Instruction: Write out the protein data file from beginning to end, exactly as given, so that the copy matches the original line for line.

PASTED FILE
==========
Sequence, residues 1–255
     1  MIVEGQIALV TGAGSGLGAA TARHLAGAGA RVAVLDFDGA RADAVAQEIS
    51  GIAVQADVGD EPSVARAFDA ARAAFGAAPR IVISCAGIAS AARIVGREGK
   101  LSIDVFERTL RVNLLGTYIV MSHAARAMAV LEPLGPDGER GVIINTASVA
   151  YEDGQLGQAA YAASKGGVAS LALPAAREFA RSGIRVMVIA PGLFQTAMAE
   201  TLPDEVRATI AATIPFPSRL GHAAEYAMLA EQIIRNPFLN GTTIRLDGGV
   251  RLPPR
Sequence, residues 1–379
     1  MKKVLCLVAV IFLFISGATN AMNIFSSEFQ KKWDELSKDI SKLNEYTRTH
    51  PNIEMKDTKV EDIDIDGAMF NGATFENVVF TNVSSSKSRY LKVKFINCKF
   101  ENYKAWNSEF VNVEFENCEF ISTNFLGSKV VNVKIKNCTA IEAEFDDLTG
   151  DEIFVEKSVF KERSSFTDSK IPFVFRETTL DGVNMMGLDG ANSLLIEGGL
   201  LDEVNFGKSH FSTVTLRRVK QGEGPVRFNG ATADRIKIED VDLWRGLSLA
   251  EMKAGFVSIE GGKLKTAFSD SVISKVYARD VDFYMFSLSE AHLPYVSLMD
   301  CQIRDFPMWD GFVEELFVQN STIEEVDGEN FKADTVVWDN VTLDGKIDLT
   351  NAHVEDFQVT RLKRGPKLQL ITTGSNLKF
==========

Sequence, residues 1–255
     1  MIVEGQIALV TGAGSGLGAA TARHLAGAGA RVAVLDFDGA RADAVAQEIS
    51  GIAVQADVGD EPSVARAFDA ARAAFGAAPR IVISCAGIAS AARIVGREGK
   101  LSIDVFERTL RVNLLGTYIV MSHAARAMAV LEPLGPDGER GVIINTASVA
   151  YEDGQLGQAA YAASKGGVAS LALPAAREFA RSGIRVMVIA PGLFQTAMAE
   201  TLPDEVRATI AATIPFPSRL GHAAEYAMLA EQIIRNPFLN GTTIRLDGGV
   251  RLPPR
Sequence, residues 1–379
     1  MKKVLCLVAV IFLFISGATN AMNIFSSEFQ KKWDELSKDI SKLNEYTRTH
    51  PNIEMKDTKV EDIDIDGAMF NGATFENVVF TNVSSSKSRY LKVKFINCKF
   101  ENYKAWNSEF VNVEFENCEF ISTNFLGSKV VNVKIKNCTA IEAEFDDLTG
   151  DEIFVEKSVF KERSSFTDSK IPFVFRETTL DGVNMMGLDG ANSLLIEGGL
   201  LDEVNFGKSH FSTVTLRRVK QGEGPVRFNG ATADRIKIED VDLWRGLSLA
   251  EMKAGFVSIE GGKLKTAFSD SVISKVYARD VDFYMFSLSE AHLPYVSLMD
   301  CQIRDFPMWD GFVEELFVQN STIEEVDGEN FKADTVVWDN VTLDGKIDLT
   351  NAHVEDFQVT RLKRGPKLQL ITTGSNLKF